Electronic Medical Records (“EMRs”) are supposed to be a great step forward for patient safety. They are supposed to (among other things) automatically cross check medication orders with patient allergies, ensure that two medications don’t have harmful interactions, and allow multiple medical providers to quickly and easily have access to important health information about the patient.
Unfortunately, due to their clunky design, cumbersome requirements, and time consuming processes, they can distract doctors and nurses from the primary focus of tending to a patient, which endangers safety much more so than any old record system. EMRs are now a constant presence in patient rooms, requiring more time and attention than traditional paper records ever did. The result is less time and focus the doctor or nurse can devote to the patient.
In an opinion article written in the Wall Street Journal online, John Sotos recounts how his friend suffered in a large, well-respected university hospital as a result of distracted nurses. His friend, called Alex in the piece, was in the hospital for a fairly routine surgical procedure, but she was not permitted to eat or drink during her stay. I.V. fluids were supposed to replenish her body’s nourishment during her stay. He explained that three separate nurses, on three consecutive days, failed to correctly provide Alex with proper I.V. fluids – they provided no fluids on day 1, three times the required amount of fluids on day 2, and again no fluids on day 3.
While these oversights can be seen as unfortunately coincidences, he assigns blame to the EMR. In the old days of paper records, nurses would have opened the chart at the foot of Alex’s bed, looked at her fluid requirements and past orders, looked at the pole next to her bed, and acted accordingly.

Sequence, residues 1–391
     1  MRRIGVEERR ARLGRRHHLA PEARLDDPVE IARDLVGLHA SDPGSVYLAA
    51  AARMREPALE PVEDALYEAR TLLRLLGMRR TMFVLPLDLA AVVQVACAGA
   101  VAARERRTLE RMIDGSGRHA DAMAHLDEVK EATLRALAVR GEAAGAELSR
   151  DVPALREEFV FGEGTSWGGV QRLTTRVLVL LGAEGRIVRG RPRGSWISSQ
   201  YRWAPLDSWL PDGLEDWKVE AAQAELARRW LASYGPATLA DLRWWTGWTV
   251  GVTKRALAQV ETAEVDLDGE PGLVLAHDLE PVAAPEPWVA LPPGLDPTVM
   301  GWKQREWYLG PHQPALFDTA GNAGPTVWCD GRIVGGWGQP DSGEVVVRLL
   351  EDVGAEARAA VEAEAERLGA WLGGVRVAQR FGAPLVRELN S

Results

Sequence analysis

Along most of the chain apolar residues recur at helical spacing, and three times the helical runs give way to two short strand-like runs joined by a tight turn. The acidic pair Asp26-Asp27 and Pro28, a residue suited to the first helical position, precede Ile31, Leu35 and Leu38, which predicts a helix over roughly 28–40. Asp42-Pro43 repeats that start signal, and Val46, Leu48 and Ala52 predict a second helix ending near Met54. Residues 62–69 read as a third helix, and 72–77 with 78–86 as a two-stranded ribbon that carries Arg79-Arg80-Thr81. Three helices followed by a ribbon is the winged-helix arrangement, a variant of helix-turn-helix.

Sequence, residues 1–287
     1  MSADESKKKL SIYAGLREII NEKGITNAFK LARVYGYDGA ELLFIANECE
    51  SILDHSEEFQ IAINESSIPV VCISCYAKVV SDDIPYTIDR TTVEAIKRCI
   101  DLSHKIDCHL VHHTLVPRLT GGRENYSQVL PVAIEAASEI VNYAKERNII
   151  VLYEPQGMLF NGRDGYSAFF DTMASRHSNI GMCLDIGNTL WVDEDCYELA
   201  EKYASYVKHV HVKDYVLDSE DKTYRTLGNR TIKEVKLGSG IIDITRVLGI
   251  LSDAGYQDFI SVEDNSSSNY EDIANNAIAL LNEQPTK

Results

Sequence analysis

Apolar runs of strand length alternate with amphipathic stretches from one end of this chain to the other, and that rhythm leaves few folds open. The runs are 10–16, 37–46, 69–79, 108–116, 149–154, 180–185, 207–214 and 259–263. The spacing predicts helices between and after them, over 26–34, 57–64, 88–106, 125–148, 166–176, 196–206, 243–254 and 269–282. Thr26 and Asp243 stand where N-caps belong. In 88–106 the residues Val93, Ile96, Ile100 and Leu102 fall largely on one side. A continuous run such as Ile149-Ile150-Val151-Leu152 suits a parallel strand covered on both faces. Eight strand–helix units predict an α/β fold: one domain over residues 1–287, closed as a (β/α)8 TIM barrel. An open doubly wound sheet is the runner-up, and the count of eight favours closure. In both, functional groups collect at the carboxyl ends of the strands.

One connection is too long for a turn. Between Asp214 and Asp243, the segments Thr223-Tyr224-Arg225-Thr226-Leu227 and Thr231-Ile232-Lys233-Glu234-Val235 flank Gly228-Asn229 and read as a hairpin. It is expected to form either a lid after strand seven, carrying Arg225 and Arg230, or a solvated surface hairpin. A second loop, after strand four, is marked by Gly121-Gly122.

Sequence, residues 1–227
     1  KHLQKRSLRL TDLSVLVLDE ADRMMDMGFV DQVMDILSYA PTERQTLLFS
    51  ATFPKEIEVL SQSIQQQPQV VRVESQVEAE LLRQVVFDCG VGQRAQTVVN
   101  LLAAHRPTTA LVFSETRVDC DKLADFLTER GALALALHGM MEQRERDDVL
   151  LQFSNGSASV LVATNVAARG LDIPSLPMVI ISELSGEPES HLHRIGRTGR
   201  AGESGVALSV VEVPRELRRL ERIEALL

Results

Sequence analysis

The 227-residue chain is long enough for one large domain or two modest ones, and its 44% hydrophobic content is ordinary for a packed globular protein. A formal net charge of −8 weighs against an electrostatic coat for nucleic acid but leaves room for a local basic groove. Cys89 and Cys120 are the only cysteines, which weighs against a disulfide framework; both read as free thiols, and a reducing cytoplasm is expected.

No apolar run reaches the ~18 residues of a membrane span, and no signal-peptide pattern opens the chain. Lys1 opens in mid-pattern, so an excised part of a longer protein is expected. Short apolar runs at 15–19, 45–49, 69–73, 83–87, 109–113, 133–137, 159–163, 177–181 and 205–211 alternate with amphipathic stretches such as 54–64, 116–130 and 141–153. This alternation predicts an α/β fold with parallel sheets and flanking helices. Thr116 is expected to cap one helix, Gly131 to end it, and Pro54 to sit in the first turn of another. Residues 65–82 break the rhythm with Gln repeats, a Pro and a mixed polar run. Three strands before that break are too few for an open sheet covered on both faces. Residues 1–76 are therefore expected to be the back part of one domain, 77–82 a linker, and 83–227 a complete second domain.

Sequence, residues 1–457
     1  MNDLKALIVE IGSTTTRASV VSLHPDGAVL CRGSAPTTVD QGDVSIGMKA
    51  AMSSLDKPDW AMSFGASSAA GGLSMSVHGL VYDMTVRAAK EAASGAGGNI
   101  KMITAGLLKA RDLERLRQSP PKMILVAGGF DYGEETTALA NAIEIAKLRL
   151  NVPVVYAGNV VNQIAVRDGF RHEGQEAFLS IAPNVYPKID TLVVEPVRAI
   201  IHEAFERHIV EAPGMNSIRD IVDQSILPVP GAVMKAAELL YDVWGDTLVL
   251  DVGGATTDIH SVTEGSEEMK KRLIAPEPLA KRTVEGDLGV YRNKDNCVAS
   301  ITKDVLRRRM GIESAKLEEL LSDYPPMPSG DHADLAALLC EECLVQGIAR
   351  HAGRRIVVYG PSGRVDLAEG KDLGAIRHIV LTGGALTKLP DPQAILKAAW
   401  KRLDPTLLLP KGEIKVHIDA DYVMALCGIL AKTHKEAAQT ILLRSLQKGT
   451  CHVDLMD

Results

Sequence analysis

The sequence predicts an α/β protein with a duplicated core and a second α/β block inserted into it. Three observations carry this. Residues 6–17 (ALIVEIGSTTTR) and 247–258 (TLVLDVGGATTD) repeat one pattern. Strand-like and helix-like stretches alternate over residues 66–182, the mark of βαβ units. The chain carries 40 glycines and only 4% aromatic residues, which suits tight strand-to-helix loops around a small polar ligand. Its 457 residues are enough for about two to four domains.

“Today, nurses at Alex’s hospital are, almost literally, chained to a computer station with wheels that runs the EMR and goes with them from patient-room to patient-room,” he writes. “A basic nursing task, such as documenting a patient’s urination, requires the nurse to walk to the computer, sign on to the EMR (itself a chore), grasp the mouse, select the patient, click a “urination” tab (eventually), move hands to keyboard, type the volume of urine, then click “save.” Any new data, alerts or orders on the screen will distract the nurse from thinking about the significance of the urine volume just produced.”
Detecting Alex’s fluid mismanagement required only a glance at her, a glance at the I.V. pole next to her, and a modicum of thought. Obviously, the glances and thought didn’t happen… three times. That was likely because the nurses were distracted by having to spend that time entering information into a computer.
Thankfully, but for some temporary discomfort and having to page a doctor at 1 am to change a bandage (the excess day 2 fluids, combined with blood thinners, caused an inordinate amount of bleeding), Alex was ok. This is but one example how, with their attention spread more thin as a result of EMRs, doctors and nurses are prone to make more mistakes or become more easily distracted.